Real-life advice from a real-life recruiter

Archive for November, 2013

Employee Referrals

The following is an excerpt from the book Hire Tough Manage Easy.  It will explain how drawing from your top performers and previous employees can help resolve hiring needs in those tough to hire areas.

Check it out…

 “The second-best source of recruits is all the good people who work for you now”

“Research shows that employee-referred candidates are three times more likely to be a good match for the job. This is because your employees give these candidates much more detailed information about the job requirements and working conditions than you would.  As a result, candidates are only likely to proceed with the selection process if they feel they will fit the job. And because they are a good fit, referral candidates who are hired are much less likely to quit or be fired within the first few months.’’ (Kleiman, 1999)

The key is to let employees know that you need good people and what you’re looking for. Here are a few ways to market your referral program:

  • Incentivize & Gamify

Most will agree that cash is still king.  But, more and more, research shows that employees want to be recognized for small contributions. People enjoy seeing their progress and they like to compare their results with others.

  • Get Socialized

Enabling your employees to broadcast jobs to their social networks provides exposure creating a low-cost way to reach potential job seekers quickly.

“Is the grass really greener on the other side”

“When employees quit to work somewhere else, they often discover that the grass isn’t greener after all. In fact, research shows that 20 to 25 percent of supervisory and managerial employees have gone back to work at a company they once left.

Imagine if 20 percent of all the good people who ever left came back to work for you! You’d have instantaneously productive workers, requiring little to no job training and little to no downtime to become familiar with the organization.” (Kleiman, 1999)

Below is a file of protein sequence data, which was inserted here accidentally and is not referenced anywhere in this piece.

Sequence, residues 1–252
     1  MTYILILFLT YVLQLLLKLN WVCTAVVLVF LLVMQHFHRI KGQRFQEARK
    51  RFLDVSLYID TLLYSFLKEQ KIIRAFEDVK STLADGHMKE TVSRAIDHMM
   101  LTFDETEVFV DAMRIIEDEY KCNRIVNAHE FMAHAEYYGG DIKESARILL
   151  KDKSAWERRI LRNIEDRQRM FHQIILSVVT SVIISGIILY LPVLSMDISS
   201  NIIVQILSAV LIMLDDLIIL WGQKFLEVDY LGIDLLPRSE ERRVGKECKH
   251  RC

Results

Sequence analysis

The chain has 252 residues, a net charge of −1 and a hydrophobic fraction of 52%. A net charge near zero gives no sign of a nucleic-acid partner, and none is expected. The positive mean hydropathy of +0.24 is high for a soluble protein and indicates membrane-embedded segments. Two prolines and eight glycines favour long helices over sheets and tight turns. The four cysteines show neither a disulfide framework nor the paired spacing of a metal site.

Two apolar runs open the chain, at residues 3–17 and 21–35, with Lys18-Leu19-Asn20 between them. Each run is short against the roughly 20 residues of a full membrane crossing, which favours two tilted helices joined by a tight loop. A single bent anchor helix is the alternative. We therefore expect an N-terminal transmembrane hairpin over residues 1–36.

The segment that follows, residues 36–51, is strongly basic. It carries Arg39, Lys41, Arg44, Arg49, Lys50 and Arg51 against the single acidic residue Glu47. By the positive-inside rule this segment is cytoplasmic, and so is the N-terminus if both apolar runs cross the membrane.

How do I know if my previous employee is interested?

  • All you have to do is ask. One or two months after someone good leaves, just call and ask if he or she would consider coming back.  The worst they could say is “no” and you’ve just given them a wonderful compliment.


The Professional Advantage

We’ve all heard how important it is to behave “professionally” in the work place and if you want to get ahead, be taken seriously, and have your boss think of you as an asset to the team –doing things in a professional way is vital, but depending on where you work and the type of job you have, this can take on many different forms.

There are, however, quite a few common traits when it comes to being professional.  And according to the monster career coach-This includes the following:

1. Competence. You’re good at what you do – and you have the skills and knowledge that enable you to do your job well.

2. Reliability. People can depend on you to show up on time, submit your work when it’s supposed to be ready, etc.

3. Honesty. You tell the truth and are upfront about where things stand.

4. Integrity. You are known for your consistent principles.

5. Respect for Others. Treating all people as if they mattered is part of your approach.

6. Self-Upgrading. Rather than letting your skills or knowledge become outdated, you seek out ways of staying current.

7. Being Positive. No one likes a constant pessimist. Having an upbeat attitude and trying to be a problem-solver makes a big difference.

8. Supporting Others. You share the spotlight with colleagues, take time to show others how to do things properly, and lend an ear when necessary.

9. Staying Work-Focused. Not letting your private life needlessly have an impact on your job, and not spending time at work attending to personal matters.

10. Listening Carefully. People want to be heard, so you give people a chance to explain their ideas properly.

Acting like a professional really means doing what it takes to make others think of you as reliable, respectful, and competent, and the more you put into practice the 10 points listed above, the better your chances will be to create a positive reputation for yourself which translates into raises, promotions, chances to work on projects you have an interest in, and the less likelihood of being downsized when layoffs are being considered.